In particular, Lost references many institutions existing off the island, including the wealthy and powerful Widmore Industries, the Dharma Initiative, Oceanic Airlines, and even a candy brand. These institutions suggest an extensive expanse that is not seen but still operates “according to principles of internal logic and extension.”[2] For example, when Hurley, the comic-relief character of Lost, finds an abandoned Volkswagen van in the jungle, he notices that it is filled with beer. Instead of Budweiser or Bud Light however, the beer cans are marked by the mysterious octagonal Dharma Initiative brand. Even the VW logo is replaced by the Dharma symbol.[3] Derek Johnson points out that avoiding product placement not only creates a ‘Lost brand’, it also expands Lost’s universe and makes it more naturalistic.[4] As I discussed in 3.3, hinting at institutions facilitates the emergence of alternate reality games, making it possible for hard-core fans to participate in the world of Lost without interacting directly with the show’s characters or events.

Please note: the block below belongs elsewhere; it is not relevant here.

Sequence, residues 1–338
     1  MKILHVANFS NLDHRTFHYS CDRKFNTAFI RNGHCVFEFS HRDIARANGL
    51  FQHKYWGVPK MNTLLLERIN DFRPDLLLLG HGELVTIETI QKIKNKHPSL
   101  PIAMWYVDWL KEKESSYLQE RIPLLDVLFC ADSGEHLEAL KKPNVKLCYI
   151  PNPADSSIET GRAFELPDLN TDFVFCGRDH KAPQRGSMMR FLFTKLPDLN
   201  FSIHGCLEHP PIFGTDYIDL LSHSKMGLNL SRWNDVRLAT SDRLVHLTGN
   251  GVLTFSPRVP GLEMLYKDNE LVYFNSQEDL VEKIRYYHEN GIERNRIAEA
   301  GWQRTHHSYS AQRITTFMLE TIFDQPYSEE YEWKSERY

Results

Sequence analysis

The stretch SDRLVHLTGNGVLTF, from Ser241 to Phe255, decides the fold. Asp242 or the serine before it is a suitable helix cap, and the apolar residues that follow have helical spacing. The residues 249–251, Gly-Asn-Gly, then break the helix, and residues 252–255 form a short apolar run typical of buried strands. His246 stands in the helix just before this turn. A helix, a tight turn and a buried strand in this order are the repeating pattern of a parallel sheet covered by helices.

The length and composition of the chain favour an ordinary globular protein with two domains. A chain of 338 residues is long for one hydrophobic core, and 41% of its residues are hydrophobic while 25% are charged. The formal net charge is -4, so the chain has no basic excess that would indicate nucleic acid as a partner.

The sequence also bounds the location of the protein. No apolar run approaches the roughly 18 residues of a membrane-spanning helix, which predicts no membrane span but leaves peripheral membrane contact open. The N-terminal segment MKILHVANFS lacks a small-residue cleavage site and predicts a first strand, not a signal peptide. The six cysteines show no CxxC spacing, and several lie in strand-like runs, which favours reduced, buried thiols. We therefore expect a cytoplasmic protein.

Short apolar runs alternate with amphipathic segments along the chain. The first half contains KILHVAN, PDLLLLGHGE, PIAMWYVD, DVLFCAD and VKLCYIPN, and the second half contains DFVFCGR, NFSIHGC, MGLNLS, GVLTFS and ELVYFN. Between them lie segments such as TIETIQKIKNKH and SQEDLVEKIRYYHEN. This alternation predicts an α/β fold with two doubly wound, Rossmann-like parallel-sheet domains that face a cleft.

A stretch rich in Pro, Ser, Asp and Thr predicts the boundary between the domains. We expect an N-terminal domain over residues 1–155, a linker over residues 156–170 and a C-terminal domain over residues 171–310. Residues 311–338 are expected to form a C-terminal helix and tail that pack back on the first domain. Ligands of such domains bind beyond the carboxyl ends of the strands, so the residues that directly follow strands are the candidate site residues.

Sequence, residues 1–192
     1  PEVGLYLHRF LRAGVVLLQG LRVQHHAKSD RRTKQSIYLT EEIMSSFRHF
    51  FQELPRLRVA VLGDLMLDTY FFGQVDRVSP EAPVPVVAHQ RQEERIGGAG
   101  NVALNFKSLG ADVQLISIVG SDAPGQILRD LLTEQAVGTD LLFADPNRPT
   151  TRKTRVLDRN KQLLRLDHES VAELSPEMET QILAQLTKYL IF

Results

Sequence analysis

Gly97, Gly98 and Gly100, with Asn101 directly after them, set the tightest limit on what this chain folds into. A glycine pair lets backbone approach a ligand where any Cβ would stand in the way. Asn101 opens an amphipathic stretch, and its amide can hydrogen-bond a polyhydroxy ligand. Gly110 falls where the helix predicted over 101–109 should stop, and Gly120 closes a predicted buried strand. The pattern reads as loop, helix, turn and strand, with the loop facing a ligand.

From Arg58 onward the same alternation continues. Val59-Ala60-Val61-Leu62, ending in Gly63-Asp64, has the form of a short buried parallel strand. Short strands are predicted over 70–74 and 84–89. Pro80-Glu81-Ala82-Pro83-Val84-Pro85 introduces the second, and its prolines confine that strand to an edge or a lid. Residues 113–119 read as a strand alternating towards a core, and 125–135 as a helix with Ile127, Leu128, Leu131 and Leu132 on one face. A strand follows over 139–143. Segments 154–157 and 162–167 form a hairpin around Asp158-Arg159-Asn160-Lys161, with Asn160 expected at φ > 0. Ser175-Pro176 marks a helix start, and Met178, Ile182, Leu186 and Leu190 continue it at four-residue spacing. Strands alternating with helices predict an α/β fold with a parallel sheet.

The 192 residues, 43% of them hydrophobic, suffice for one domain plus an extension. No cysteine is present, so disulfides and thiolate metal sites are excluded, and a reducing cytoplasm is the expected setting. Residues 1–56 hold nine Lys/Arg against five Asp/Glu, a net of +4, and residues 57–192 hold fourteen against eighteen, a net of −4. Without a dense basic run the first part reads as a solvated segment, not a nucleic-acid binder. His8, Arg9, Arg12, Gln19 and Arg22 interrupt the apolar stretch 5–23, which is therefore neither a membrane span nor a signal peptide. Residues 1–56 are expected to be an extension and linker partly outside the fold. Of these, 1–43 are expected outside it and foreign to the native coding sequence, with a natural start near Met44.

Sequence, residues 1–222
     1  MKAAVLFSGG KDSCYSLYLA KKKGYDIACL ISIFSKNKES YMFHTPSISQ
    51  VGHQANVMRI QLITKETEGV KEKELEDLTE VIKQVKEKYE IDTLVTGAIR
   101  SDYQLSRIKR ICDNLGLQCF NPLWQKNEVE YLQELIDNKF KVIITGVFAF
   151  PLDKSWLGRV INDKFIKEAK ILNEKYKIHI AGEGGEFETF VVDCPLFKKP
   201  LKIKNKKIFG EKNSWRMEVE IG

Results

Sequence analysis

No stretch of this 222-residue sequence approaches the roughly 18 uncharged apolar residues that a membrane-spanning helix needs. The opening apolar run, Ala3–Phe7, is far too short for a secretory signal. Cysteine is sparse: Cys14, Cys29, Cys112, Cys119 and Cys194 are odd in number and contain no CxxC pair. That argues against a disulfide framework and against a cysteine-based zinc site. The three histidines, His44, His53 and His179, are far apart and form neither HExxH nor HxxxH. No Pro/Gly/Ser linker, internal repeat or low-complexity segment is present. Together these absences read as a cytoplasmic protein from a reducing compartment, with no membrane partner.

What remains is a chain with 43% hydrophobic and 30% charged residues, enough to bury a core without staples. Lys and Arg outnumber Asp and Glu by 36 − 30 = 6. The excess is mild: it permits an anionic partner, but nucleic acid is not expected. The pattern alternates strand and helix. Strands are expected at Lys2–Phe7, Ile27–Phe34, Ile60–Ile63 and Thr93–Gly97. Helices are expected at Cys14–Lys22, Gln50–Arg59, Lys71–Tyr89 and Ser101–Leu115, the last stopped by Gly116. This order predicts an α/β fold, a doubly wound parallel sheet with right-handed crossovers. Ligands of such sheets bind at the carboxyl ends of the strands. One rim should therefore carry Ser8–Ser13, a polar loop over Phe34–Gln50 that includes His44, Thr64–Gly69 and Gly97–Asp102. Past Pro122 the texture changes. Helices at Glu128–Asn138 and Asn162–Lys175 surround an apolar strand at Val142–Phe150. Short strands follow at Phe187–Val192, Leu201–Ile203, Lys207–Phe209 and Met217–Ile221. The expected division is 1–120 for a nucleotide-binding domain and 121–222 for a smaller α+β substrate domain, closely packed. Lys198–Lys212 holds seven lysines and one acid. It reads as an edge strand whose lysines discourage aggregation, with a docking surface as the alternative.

In addition to its hyperdiegetic depth, Lost also creates spatial dimensions by mirroring the conventions of video games. Steven Jones, in his book, The Meaning of Video games, points out that Lost’s Hawaiian setting seems virtual since the landscape is a mixture of computer generated images and actual footage. Geography and topography plays a huge role on the island. There are multiple ‘levels’ below and above ground, in bunkers, and on top of mountains. Man-made structures are scattered throughout the spatial dimensions of the island, and, as of season 5, they are also dispersed across temporal dimensions of the island. All of this encourages viewers to map out and navigate the space. One blogger even created extensive iconographical maps of events and structures on the island.[5] But whereas casual fans might be satisfied without knowing where the Black Rock is located in relation to the beach, hard-core fans are hungry for more narrative information that would help them analyze the island’s domain.